In this week's edition of our weekly 3@3 series, Al and Steve discuss the Agile method and DT best practice with Agile coach Paul Mathers. Paul was a business architect for 10 years before becoming an Agile coach with Arabica Transformation consultants.
The 3 questions covered in this episode:
Arm's length leadership - why is this bad for transformation?
Theory over practice - do the certificates really help?
Scaling - when is it right to do this?
Paul talks about the pitfalls associated with arms-length leadership in DT projects and the need to engage and keep engaged throughout the process. He suggests that all too often, C-suits participation in DT projects, stops at the point of tendering and argues that it's a tremendous amount of trust to put into a company that is as, yet not a known entity. Paul suggests that this is hands-off approach is indicative an over-promising by the transformation company and a lack of understanding by executives on the process of transformation, and that it is just that, a process, not a switch that you can assign immediate KPI's to.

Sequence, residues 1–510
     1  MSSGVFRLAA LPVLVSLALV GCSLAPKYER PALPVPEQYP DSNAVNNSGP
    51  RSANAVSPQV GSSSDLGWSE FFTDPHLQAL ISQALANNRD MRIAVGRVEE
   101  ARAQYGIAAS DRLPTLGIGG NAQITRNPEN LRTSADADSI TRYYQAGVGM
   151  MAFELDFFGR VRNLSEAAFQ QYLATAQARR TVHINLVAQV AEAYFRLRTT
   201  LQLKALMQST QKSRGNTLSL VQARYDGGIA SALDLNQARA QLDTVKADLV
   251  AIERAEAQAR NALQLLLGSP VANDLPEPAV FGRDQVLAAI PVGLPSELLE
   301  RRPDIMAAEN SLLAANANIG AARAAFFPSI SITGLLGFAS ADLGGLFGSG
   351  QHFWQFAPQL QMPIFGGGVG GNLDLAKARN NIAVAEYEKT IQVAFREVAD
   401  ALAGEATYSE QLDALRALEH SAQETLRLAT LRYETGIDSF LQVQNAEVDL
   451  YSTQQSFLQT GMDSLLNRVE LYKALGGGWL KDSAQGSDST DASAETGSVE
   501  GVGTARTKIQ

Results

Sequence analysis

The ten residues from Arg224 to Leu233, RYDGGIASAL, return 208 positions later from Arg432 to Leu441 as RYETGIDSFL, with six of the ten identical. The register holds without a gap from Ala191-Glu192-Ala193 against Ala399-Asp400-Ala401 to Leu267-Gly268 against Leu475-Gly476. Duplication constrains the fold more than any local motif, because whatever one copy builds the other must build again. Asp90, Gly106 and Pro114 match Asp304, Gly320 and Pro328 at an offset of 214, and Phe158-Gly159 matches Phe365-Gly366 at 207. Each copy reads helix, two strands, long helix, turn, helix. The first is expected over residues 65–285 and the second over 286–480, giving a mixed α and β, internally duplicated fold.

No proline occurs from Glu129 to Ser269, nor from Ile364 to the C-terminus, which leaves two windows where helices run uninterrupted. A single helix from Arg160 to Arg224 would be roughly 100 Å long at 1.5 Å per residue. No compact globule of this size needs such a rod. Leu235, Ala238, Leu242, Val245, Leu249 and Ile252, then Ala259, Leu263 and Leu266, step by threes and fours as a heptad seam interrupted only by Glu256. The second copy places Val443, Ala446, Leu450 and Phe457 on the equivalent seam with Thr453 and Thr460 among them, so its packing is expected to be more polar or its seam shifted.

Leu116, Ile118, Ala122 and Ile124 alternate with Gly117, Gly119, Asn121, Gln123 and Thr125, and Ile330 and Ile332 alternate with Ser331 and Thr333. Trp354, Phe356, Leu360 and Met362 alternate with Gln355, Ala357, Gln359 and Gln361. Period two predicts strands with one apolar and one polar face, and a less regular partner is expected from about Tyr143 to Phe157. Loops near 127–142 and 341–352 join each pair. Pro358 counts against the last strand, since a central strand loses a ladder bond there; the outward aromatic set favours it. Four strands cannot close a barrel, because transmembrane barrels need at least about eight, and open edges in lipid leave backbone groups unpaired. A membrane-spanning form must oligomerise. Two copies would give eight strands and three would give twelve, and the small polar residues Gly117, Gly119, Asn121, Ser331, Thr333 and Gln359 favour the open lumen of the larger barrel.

The act of immediately assigning value to something is what accreditation is all about, and Paul suggests that claiming to be an expert after completing a short training course and announcing yourself to be an 'Agile Coach' without any previous experience is a misnomer.
Al, Steve and Paul all agreed that certification has it's a place in some industries, but technical training on Agile theory and application of that theory, can not replace real-world experience or the insights a practitioner gleans from applying that theory in a real-world context. There are some things you can't learn in a controlled classroom setting.
Watch the rest of this series here:
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